Combined measures of movement and force variability distinguish Parkinson's disease from essential tremor

Cynthia Poon, Julie A. Robichaud, Daniel M. Corcos, Jennifer G. Goldman, D. E. Vaillancourt David E.

Research output: Contribution to journalArticlepeer-review

20 Scopus citations


Objective: To examine whether behavioral and electrophysiological measures of motor performance accurately differentiate Parkinson's disease (PD) and essential tremor (ET). Methods: Twenty-four patients (12 PD; 12 ET) performed isometric force, ballistic movements, and tremor tasks. Receiver operating characteristic (ROC) analyses were conducted on all dependent measures that were significantly different between the two patient groups. Results: Patients with PD were more impaired on measures of movement deceleration than ET. Patients with ET were more impaired on measures of force variability than PD. ROC analyses revealed that sensitivity and specificity were excellent when combining measures during the isometric force task (torque rise time and force variability; 92% sensitivity and 92% specificity; AUC. =0.97). When combining measures across the force and movement tasks, the ROC analysis revealed improved sensitivity and specificity (force variability and peak deceleration; 92% sensitivity and 100% specificity; AUC. =0.99). Conclusions: Combining measures of force variability and movement deceleration accurately differentiate patients with PD from those with ET with high sensitivity and specificity. Significance: If validated in a larger sample, these measures can serve as markers to confirm the diagnosis of PD or ET and thus, enhance decision making for appropriate treatments for patients with these respective diseases.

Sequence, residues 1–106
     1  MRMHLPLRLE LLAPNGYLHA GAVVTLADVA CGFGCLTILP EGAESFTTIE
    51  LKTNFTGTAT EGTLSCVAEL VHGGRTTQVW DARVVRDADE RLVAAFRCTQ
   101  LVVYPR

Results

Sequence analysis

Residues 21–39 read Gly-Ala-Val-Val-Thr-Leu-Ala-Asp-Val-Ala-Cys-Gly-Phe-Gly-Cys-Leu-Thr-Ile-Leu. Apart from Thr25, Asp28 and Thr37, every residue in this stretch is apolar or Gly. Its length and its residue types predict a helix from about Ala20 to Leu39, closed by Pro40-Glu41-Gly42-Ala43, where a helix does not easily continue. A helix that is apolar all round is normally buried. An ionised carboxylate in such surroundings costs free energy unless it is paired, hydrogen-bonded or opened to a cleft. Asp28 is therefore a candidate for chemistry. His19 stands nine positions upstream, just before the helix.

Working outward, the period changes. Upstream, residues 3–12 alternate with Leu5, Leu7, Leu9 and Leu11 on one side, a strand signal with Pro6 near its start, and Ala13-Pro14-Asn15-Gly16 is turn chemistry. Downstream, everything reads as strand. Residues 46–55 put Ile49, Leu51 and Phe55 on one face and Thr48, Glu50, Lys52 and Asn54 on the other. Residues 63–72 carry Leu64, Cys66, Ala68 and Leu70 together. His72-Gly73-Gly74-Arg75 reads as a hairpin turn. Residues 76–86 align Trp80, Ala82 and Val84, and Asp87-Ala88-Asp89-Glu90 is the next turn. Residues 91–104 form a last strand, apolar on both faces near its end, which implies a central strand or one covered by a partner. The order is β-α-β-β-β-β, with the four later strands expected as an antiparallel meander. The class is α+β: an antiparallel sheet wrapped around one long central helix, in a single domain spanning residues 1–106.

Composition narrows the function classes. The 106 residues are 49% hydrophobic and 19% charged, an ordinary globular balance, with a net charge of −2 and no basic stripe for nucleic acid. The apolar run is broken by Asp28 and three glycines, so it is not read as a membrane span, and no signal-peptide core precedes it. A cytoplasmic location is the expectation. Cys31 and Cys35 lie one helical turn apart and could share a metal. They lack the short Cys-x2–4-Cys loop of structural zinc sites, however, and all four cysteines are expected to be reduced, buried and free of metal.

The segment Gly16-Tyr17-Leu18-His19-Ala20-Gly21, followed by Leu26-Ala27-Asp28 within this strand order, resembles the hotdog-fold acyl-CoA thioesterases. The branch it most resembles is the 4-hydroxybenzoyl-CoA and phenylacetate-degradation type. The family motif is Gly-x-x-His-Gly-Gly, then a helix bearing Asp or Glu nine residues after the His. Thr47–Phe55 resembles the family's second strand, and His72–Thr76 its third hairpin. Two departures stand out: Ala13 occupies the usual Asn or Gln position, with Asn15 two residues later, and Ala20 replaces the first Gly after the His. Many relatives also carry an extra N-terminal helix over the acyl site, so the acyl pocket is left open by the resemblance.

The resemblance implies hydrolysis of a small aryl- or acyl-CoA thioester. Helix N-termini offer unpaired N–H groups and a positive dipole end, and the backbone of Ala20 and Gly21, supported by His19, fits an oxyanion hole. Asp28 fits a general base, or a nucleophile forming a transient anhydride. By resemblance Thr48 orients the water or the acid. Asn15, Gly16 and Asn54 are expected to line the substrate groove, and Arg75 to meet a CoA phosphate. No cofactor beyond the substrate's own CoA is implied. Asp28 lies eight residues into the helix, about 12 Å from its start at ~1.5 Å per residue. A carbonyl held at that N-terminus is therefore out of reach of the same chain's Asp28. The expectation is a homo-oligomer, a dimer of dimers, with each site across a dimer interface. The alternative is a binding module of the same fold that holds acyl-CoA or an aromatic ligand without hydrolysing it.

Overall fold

Original languageEnglish (US)
Pages (from-to)2268-2275
Number of pages8
JournalClinical Neurophysiology
Issue number11
StatePublished - Nov 2011


  • Biomarker
  • Bradykinesia
  • Essential tremor
  • Parkinson's disease
  • Variability

ASJC Scopus subject areas

  • Clinical Neurology
  • Neurology
  • Sensory Systems
  • Physiology (medical)


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